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Closing aviation's gender gapClosing aviation's gender gap

It starts with giving lots of first flights

No pilot takes sharing the fun of aviation more seriously than Dianna Stanger—and she has trophies and awards to prove it—but now she’s outdone herself.

Dianna Stanger with WOAW Fly It Forward Challenge passengers Caroline Whittemore, Lily Pena-Smith, Gretchen O’Donnell, and Mia Hollister with Stanger's EC135 helicopter. Photo courtesy of Jasmine Gordon.

Following a week of giving introductory helicopter rides to women and girls at New Mexico’s Albuquerque International Sunport during Women of Aviation Worldwide Week March 6 through 12, she can stake her claim to an astonishing statistic: Since she has been flying in WOAW’s annual Fly It Forward Challenge, starting in 2012, Stanger has given first flights to more than 2,100 participants, including several hundred this year, helping to fulfill event founder and airline pilot Mireille Goyer’s vision of closing the gender gap in introductions to aviation.

Pilots participating in Fly It Forward “simply invite a girl of any age who has never flown in a small aircraft (airline flights are OK) to go on a first flight experience during Women Of Aviation Worldwide Week,” according to the event organizer, the Institute for Women of Aviation Worldwide.

The institute was expected to give away $15,000 in awards and scholarships during the week, and said it has helped 140,000 girls and women learn about aviation and given 30,074 flights since the first event in 2010. There were 44,000 participants worldwide in 2016.

Results of the competition, including the awarding of the 2017 Most Dedicated Female Pilot Worldwide trophy to “the registered female pilot who conducts the most reported flights (girls reporting divided by number of passenger seats) during the week,” are expected to be announced March 29.

Stanger gave her rides—five passengers at a time in accordance with event rules—in her Eurocopter EC135 (now designated Airbus H135), an aircraft she acquired in 2015.

She confessed to being tired after all the week’s flying, but “it’s always worth it.”

“To get that much satisfaction in just seven days is just amazing,” she said by phone after returning to her home base in Port Lavaca, Texas, where she is the manager of the Calhoun County Airport. Stanger also chairs the board of directors of the humanitarian organization Angel Flight South Central.

As you would expect of a professional pilot, air racing champion, and tireless advocate for making aviation a female-friendly enterprise, Stanger puts an unforgettably educational touch on her 10-to-20-minute introductory flights.

Traffic permitting, she began the flights with a demonstration of the twin-engine helicopter’s vertical and horizontal capabilities, culminating in a hover—all to show how differently a helicopter is maneuvered from an airplane.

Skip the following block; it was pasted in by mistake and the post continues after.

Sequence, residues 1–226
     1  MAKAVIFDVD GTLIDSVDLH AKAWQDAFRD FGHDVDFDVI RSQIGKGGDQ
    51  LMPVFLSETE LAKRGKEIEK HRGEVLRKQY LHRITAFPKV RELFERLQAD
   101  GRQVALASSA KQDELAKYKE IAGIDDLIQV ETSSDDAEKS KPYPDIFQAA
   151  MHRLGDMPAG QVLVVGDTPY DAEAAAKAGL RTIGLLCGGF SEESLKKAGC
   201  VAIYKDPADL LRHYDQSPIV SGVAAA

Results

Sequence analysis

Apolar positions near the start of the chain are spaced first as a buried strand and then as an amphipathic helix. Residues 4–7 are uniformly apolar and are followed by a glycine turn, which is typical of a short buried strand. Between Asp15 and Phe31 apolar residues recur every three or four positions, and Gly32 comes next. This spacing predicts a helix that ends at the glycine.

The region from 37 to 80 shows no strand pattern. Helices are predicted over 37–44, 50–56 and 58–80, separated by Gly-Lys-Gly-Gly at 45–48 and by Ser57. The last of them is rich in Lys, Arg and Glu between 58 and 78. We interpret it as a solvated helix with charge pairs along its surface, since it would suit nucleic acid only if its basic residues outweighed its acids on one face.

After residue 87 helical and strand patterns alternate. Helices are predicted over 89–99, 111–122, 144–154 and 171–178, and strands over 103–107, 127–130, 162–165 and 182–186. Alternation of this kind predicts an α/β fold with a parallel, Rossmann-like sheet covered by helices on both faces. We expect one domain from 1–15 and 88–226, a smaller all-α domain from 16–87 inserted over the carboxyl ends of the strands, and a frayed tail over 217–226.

Flight above the mountainous high desert terrain near the airport followed; on some occasions it was possible to descend into canyons, “get some lift and go straight up.”

Some of the young ladies taking their first flights aboard the corporate-configured helicopter with big sliding doors, a VIP cabin, and excellent all-around visibility pitched in by helping with air traffic control communications, reading from prepared scripts of the required radio calls.

The responses from air traffic control made it clear that the spirit of encouragement was alive and well all around the airport.

“The tower would compliment them on saying things right over the radio,” Stanger said.

Also participating in sharing aviation with the participants were pilots and airplanes from Del Sol Aviation. (“Fulfilling your dreams in the sky is our mission.”)

With hot air balloons also famously present in Albuquerque, there were opportunities for close-up inspections, learning that an individual could earn a certificate for each type of aircraft, and discovering just how much activity takes place at an airport, Stanger said.

Fly WOAW event organizer Jasmine Gordon was encouraged by turnout estimates of about 1,200 participants in Albuquerque this year, more than twice last year’s 574, and confirming a trend of participation doubling year over year.

The sheer numbers of introductory flights Stanger has provided would make ample justification for past honors conferred on her, including being previously named the “Most Dedicated Female Pilot in The World.” But to get the truest sense of the satisfaction her activities provide, you have to get down to cases.

Three of the volunteers at the Fly It Forward flight line were girls who took their first rides in 2015, she said.

Even better: All three have since begun flight training, brought their mothers to the 2017 event, and enthusiastically shared their experiences in aviation with curious youngsters who stopped by the booth during the week of flight introductions.

“It was really special to watch,” Stanger said.

Dan Namowitz

Dan Namowitz

Associate Editor Web
Associate Editor Web Dan Namowitz has been writing for AOPA in a variety of capacities since 1991. He has been a flight instructor since 1990 and is a 30-year AOPA member.
Topics: Youth, Flight Training, Pilots

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